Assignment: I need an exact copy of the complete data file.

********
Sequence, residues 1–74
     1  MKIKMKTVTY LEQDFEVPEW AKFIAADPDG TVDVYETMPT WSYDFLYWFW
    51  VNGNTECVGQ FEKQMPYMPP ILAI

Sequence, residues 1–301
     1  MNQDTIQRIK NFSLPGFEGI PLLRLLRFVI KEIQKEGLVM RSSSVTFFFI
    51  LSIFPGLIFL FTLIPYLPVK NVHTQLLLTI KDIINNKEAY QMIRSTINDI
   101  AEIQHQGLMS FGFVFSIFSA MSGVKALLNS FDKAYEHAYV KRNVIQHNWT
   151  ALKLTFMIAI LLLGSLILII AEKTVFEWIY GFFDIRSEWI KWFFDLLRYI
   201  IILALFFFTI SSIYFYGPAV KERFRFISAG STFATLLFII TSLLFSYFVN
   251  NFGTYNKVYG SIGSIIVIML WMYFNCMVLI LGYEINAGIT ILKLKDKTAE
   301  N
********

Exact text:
Sequence, residues 1–74
     1  MKIKMKTVTY LEQDFEVPEW AKFIAADPDG TVDVYETMPT WSYDFLYWFW
    51  VNGNTECVGQ FEKQMPYMPP ILAI

Sequence, residues 1–301
     1  MNQDTIQRIK NFSLPGFEGI PLLRLLRFVI KEIQKEGLVM RSSSVTFFFI
    51  LSIFPGLIFL FTLIPYLPVK NVHTQLLLTI KDIINNKEAY QMIRSTINDI
   101  AEIQHQGLMS FGFVFSIFSA MSGVKALLNS FDKAYEHAYV KRNVIQHNWT
   151  ALKLTFMIAI LLLGSLILII AEKTVFEWIY GFFDIRSEWI KWFFDLLRYI
   201  IILALFFFTI SSIYFYGPAV KERFRFISAG STFATLLFII TSLLFSYFVN
   251  NFGTYNKVYG SIGSIIVIML WMYFNCMVLI LGYEINAGIT ILKLKDKTAE
   301  N